What are certified tutors?

While there are options for shorter OG tutor training programs, such as a 30-hour training, these do not give tutors the depth of knowledge and experience needed to effectively help dyslexic students. Certified tutors have completed a supervised practicum. During that practicum, certified tutors have had their lessons critiqued by a trainer. They have also assessed students and planned and taught lessons that moved them along the sequence of skills. While OG training is an excellent option for many, especially classroom teachers, certification makes a difference. Certified tutors, in my opinion, are the best choice for students who are dyslexic or struggling greatly to learn to read.

At Deep Roots Learning Solutions, we choose tutors who are certified, or who are in the process of completing their practicum for certification, to work with our students. An OG tutor that has completed a rigorous training and practicum program for OG certification is qualified to assess a student’s changing literacy needs, bring in additional teaching resources as needed, and recognize needs that may best be referred to other professionals.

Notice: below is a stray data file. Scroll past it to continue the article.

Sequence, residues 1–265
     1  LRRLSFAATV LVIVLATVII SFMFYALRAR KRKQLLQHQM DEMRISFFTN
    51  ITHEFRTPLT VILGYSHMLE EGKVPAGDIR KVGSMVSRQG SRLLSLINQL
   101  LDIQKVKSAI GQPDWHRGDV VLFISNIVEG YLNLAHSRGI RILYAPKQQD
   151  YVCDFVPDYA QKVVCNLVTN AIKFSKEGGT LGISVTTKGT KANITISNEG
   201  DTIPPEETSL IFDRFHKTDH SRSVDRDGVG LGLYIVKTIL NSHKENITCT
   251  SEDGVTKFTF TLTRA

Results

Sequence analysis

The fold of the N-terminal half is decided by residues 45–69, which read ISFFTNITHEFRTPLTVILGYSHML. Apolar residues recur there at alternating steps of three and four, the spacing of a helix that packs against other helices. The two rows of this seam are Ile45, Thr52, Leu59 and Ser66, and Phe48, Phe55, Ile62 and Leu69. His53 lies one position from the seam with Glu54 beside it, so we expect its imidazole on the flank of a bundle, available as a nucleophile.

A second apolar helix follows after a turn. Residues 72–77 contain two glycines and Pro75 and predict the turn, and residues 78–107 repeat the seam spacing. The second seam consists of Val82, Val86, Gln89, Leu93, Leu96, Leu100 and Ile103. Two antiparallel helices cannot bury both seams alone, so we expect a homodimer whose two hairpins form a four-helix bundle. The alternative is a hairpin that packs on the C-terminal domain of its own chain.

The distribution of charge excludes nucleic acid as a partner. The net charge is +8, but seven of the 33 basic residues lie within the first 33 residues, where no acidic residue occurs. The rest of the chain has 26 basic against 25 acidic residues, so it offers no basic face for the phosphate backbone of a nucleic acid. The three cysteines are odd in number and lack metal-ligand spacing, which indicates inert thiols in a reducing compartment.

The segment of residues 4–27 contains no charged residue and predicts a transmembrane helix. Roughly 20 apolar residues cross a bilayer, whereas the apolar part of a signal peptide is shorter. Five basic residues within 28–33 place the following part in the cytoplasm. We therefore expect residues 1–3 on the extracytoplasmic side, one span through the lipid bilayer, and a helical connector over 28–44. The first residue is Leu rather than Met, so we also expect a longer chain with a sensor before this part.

Are all OG tutors the same?

Find a certified OG tutor: check. Should be pretty easy, right? You know they need to complete a practicum, and that certified is better than trained. But there are several different organizations that provide OG tutor training, and they all use slightly different terminology. And Google does not know the difference, so when you search for “Orton-Gillingham tutor near me” you’re going to get a mixed bag of different training backgrounds. Here are some of the big ones:

Orton Academy